Eating Disorders in Men Under Recognized

Ulla Räisänen Senior Researcher HERG Health Experiences Research Group Department of Primary Care Health Sciences University of Oxford Oxford OX1 2ETMedicalResearch.com  Interview with
Ulla Räisänen
Senior Researcher
HERG Health Experiences Research Group
Department of Primary Care Health Sciences
University of Oxford Oxford OX1 2ET

MedicalResearch.com : What are the main findings of the study?

Answer: We conducted a qualitative interview study exploring how young men (aged 16-25) recognise eating disorder symptoms and decide to seek help, and to examine their experiences of initial contacts with primary care in the UK.

Our data suggest that the widespread perception of eating disorders as uniquely or predominantly a female problem led to an initial failure by young men to recognise their behaviours as symptoms of an eating disorder. Many presented late in their illness trajectory when eating disorder behaviours and symptoms were entrenched, and some felt that opportunities to recognise their illness had been missed because of others’ lack of awareness of eating disorders in men. In addition, the men discussed the lack of gender-appropriate information and resources for men with eating disorders as an additional impediment to making sense of their experiences, and some felt that health and other professionals had been slow to recognise their symptoms because they were men.

MedicalResearch.com : Were any of the findings unexpected?

Answer: To date, there exists very little research into eating disorders in men. No previous work that we are aware of has explored men’s accounts of symptom recognition and help-seeking. In contrast to previous research among women with eating disorders which suggests that whilst recognising an eating disorder and seeking help can be a prolonged and complex issue, with issues around ambivalence towards recovery, our data shows that men may not even come to consider the possibility of having an eating disorder because of the inappropriateness of an eating disorder as a diagnosis for them as men.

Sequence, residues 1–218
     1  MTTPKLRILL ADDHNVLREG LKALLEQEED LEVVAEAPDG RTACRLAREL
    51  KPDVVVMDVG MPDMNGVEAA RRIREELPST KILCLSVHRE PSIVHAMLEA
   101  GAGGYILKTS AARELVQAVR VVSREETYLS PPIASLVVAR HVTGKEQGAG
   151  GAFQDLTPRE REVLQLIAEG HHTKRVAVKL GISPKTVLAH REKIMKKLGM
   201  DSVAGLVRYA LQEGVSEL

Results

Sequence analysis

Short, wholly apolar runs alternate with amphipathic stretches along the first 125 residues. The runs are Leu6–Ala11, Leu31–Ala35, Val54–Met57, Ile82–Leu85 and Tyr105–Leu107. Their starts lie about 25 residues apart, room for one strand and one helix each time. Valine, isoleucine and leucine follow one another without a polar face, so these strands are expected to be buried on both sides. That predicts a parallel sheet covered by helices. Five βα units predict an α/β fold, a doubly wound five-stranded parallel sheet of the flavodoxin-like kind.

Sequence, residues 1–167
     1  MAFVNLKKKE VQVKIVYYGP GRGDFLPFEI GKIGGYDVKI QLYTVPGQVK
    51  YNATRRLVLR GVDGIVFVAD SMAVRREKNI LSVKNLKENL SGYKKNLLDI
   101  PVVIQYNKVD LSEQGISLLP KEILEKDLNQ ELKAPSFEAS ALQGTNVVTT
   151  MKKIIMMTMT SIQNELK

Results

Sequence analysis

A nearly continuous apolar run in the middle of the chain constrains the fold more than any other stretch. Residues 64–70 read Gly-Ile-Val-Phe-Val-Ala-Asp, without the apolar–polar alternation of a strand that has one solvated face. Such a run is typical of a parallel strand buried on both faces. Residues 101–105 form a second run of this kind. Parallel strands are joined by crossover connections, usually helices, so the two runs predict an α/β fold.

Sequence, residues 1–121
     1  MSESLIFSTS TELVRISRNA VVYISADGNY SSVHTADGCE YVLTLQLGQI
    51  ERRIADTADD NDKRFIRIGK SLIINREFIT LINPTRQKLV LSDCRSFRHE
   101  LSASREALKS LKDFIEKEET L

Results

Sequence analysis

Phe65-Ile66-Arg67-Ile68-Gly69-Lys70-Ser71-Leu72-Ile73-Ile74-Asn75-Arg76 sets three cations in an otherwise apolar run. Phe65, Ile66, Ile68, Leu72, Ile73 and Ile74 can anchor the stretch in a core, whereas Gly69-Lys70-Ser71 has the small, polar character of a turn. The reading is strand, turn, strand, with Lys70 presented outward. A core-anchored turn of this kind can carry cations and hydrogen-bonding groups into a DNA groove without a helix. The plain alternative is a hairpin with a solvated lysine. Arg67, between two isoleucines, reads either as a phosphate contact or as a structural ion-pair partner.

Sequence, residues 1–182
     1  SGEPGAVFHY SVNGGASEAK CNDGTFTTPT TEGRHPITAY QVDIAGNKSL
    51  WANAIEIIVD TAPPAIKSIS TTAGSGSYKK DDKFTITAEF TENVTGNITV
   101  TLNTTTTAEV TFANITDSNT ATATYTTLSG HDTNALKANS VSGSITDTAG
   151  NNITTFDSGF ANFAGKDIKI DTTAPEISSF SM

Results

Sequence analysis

MedicalResearch.com : What should clinicians and patients take away from your report?

Answer: The data highlights perceived failure among professionals, patients themselves and the wider public to recognise eating disorders as something that also affect men. We hope to raise awareness and sensitivity among men, their friends and families as well as health care professionals to recognise such symptoms much earlier on for improved prognosis.

MedicalResearch.com : What recommendations do you have for future research as a result of this study?

Answer: Eating disorders in men is a much neglected and under-research area that demands a great deal of future research and recognition. Particularly studies focusing solely on men’s experiences, across men of different ages, are paramount in order to understand men’s developing understandings of eating disorders across a longer illness trajectory.

Citation:

The role of gendered constructions of eating disorders in delayed help-seeking in men: a qualitative interview study

Ulla Räisänen, Kate Hunt

BMJ Open 2014;4:e004342 doi:10.1136/bmjopen-2013-004342